Actually, it was my capacity that needed to be built

“Capacity building” has been in every job description or programmatic strategy of every international aid and philanthropic organization with which I’ve worked over the past 15 years. In some form or another, I’ve led, funded, or facilitated workshops, exchange visits, trainings intended to enhance the knowledge and skills of people who live in poor countries. 

Along the way, as an “expat” aid worker, as a grantmaker, as a manager and a communicator, I’ve had my capacity built too.

For this to occur, I have not attended any trainings or conferences, though I’ve been to countless conferences and trainings.

I’ve not received any formal “mentoring,” though I’ve had many mentors.

No exchange visits for me, though I’ve been on my share of “site” visits.

In fact, very little has been for the intended purpose of building my capacity. Sure, there’s been “staff development” opportunities (supposedly), but never was it discussed, or even implied, that my capacity needed to be built.

But wow, it did.

Given that I was born in a so-called “modern” society, my capacity has rarely been at question. It’s assumed I have inherent skills, knowledge, abilities and resources it since I’m not from a “traditional” society.

But when I think back to that 19-year-old university student, who on her first trip out of the United States, went to volunteer at an orphanage…wow, talk about someone who needed her capacity built.

When I think back to that budding aid worker, newly arrived from her Masters program, ready to use all that development “expertise,” only to find that many of her Zimbabwean colleagues had a Masters of Development too, and way more experience…wow, did her capacity need to be built.

All along my career, there have been big, bold examples of ineptitude and small moments of self-doubt. And they didn’t subside as I gained more experience. Rather they multiplied in many ways. Doing things “the way they’d always been done” in international grantmaking actually wasn’t working for anyone.

And as I supported more and more effective indigenous-led organizations, I saw the vision, structure, and impact they were having – with or without funding or support from outsiders like me. Rather than focusing on what wasn’t there, I came to appreciate the inherent strengths of local leaders: their deep contextual knowledge, embeddedness within the community, ingenuity in stretching resources, and the ability to operate in a responsive manner to local needs.

And I realized, over and over again, that I needed to build my capacity to support these effective, inspiring, and visionary leaders if I was going to be a vital part of supporting bottom-up development, global social justice, grassroots-driven social change. I needed more than cultural competence, I needed cultural humility. I needed to know how to build authentic and more equal partnerships with community-based organizations. I needed to know how to form and foster networks of learning, mutual support, and solidarity.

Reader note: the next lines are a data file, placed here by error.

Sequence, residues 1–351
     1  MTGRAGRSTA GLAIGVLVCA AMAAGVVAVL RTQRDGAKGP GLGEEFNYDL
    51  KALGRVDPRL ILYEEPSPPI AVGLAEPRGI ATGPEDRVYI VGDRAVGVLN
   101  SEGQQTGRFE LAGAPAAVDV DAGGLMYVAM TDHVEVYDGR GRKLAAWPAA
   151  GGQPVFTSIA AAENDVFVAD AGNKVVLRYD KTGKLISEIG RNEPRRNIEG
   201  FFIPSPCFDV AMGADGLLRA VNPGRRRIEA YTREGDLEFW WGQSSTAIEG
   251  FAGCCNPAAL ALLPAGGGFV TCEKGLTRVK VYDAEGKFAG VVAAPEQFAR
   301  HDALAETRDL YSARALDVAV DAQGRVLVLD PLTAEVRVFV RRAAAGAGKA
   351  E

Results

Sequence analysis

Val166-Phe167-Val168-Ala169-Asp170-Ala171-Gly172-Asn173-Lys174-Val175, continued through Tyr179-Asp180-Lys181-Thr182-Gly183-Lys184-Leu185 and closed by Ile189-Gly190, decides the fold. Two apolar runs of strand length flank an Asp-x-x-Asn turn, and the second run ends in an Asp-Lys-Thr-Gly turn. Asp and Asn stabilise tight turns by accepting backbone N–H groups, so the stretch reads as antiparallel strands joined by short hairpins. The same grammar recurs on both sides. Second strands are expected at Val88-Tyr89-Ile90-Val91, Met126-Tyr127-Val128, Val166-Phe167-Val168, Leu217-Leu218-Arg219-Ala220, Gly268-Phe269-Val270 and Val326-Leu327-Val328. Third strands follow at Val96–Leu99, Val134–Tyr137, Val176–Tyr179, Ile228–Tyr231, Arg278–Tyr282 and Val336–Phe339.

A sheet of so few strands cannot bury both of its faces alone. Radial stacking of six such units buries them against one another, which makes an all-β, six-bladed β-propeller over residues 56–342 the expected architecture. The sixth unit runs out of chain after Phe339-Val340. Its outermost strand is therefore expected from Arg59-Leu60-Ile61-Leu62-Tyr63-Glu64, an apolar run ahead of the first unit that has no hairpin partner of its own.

So how does one do that?

The IDEX Academy is one way. IDEX’s grantmaking work has been deeply embedded in connecting people with grassroots leaders and innovations for over 30 years. And every year we bring together a group of people – most importantly, our partners from the Global South – to address the capacity challenges of those with access to financial resources – the very challenges I’ve struggled to overcome throughout my career. 

Through the Academy, IDEX wants to help all of us usher in a new era of international learning and exchange built on principles of collaboration, cooperation, and mutual sharing, rather than imported ideas and expertise. As IDEX elder and Academy faculty, Dr. Mutombo Mpanya of Sonoma State University and The California Institute Of Integral Studies, shares:

“The work of [global development] requires that people have some kind of personal transformation and change in their conception of the ‘third world’ in order to be effective agents of change.”

So join us! Get your capacity built on how we can help create more dignity, equity, and justice for the world’s most marginalized people and become a part of a community of change-makers who dare to do things differently!

 

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Comment by Autry Haynes on September 29, 2015 at 10:09am

Thank you Jennifer and Rituu (^_^)...communities know what they want and facilitators help reveal the strengths and capacity to journey themselves toward common dreams. Facilitators understand too, that the journey will take time and in addition to accompaniment, nurturing is essential, since the journey is influenced by many factors such as social and spiritual context, political and economic contexts, cultural, legal, environmental, peer pressure even resources play a part....it is dynamic and the journey takes many many nights....

Comment by Rituu B. Nanda on September 28, 2015 at 6:55pm

I love this piece Jennifer! Thank you for posting.What I have learned in my work with communities that we do not need to take the burden of 'doing good'. Communities know what is best for them and may have forgotten that they have the capacity to address their issues. Role of external facilitators is to reveal this capacity and accompany the communities in this journey. Therefore challenge is not working with communities but the mindset of NGOs who struggle to let go...

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